It changes everything because it is more in line with reality. Selection acts on phenotypes, our theory should be based on phenotype. Genes are devilishly hard to define in the modern world, a problem for a gene based view, but from a phenotype based view, define gene as you will, what we care about is its effect on the transition equation. I disagree that “cultural evolution” is qualitatively different than “biological evolution”. In fact I do not like the terms. Evolution is change in phenotype, what you are really talking about is different modes of inheritance. Since they all get glommed into the transition equation in some form or another, this is a matter of details, not things that are qualitatively different and deserve different names.

    In fact, I shall later argue that selection on phenotypes creates inheritance from what ever aspects of the environment are available.

  4. I think of biological evolution as requiring genetic changes, because genes are the vehicles of the heritable information. Suppose the genetic changes (allele frequencies, or anything else) are canalized, so that the phenotype stays the same. In that case the genetic variation can drift neutrally. Don’t you think this is evolution, too?

    Persistent phenotypic changes could be due to plasticity, and as such revert to the previous phenotype when the environment changes back (to not being able to provide much else but rice, for example). Is that really evolution, then? I realize you’ll say yes, but I think most biologists will say it is not.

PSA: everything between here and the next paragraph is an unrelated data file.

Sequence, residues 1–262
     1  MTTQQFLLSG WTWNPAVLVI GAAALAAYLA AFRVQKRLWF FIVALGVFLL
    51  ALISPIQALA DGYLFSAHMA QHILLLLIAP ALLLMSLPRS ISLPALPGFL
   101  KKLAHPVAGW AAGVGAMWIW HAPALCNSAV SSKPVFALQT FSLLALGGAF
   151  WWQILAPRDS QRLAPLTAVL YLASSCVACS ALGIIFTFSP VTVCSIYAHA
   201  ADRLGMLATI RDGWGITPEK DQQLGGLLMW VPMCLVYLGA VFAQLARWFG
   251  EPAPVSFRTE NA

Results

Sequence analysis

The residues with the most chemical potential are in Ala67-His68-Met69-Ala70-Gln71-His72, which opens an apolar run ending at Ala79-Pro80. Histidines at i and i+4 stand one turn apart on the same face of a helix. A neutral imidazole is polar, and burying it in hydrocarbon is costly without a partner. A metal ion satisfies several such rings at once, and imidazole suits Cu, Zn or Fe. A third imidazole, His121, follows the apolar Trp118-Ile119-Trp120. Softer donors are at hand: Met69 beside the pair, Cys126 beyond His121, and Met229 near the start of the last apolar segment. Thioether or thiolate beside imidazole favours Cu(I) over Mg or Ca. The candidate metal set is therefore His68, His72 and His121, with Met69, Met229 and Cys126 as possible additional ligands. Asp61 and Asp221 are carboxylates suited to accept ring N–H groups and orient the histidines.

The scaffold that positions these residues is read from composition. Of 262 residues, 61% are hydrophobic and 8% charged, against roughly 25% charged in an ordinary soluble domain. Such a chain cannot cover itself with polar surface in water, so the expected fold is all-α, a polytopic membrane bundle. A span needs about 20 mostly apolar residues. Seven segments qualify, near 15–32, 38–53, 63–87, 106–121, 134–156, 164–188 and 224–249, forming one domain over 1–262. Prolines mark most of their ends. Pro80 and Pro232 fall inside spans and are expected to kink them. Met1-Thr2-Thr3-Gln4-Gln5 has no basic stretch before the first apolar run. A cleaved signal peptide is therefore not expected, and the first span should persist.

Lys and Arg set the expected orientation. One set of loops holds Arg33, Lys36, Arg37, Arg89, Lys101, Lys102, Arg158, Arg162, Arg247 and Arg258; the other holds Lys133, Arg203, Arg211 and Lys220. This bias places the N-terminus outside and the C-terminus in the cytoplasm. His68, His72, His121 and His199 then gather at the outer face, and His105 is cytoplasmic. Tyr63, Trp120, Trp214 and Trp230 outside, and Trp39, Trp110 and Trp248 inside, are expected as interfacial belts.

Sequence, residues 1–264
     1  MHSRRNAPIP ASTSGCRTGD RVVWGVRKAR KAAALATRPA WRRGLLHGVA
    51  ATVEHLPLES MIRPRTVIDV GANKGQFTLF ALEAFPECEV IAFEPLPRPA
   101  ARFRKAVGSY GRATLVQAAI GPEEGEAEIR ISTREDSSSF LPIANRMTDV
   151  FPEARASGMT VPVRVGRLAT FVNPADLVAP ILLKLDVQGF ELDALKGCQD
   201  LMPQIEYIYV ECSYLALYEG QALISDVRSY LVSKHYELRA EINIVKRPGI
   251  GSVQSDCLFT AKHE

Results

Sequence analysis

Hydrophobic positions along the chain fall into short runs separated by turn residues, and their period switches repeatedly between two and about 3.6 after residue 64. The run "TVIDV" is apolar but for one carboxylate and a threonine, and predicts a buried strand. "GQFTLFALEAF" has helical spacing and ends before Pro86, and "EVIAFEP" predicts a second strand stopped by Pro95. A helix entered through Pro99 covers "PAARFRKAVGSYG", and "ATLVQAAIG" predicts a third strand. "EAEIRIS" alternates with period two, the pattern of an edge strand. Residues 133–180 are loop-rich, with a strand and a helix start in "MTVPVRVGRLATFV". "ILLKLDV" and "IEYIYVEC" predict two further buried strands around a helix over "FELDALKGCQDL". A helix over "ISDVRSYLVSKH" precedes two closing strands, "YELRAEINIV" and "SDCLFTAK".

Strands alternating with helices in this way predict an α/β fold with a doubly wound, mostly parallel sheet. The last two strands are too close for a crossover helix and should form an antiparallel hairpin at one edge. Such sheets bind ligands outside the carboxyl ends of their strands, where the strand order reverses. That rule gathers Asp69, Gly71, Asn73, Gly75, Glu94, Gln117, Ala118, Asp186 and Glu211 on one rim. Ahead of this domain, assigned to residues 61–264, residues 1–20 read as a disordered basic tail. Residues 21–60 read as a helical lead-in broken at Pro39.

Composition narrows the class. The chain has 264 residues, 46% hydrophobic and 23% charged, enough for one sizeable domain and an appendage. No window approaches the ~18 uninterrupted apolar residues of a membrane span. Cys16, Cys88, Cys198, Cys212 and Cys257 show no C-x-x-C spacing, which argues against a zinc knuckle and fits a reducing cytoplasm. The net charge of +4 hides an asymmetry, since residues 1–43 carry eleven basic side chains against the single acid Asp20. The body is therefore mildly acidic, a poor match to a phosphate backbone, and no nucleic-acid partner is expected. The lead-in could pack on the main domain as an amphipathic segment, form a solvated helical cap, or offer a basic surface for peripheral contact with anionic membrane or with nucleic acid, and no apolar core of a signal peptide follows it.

Cultural evolution (call it what you want), on the other hand, can affect the phenotype as well, and is inherited by different means (ideas/memes?). This seems to make it distinct from biological evolution, no?

  5. It´s very interesting. In Spain there was a change in stature after the Civil War and the next years. The society was poor and the food and sanity very bad. In this time the stature was similar, without changes. Since 1975, when Spain was open to the world, the society was grown up in quality of life (can eat proteins) and stature in parallel. It´s curious, but i don´t know wich is the porcentage of evolution or diet. In a short space of time maybe only diet, but what happen if we use the data of 200, 500 or 1000 years ago. Thanks for the information i will still reading your studies from Spain.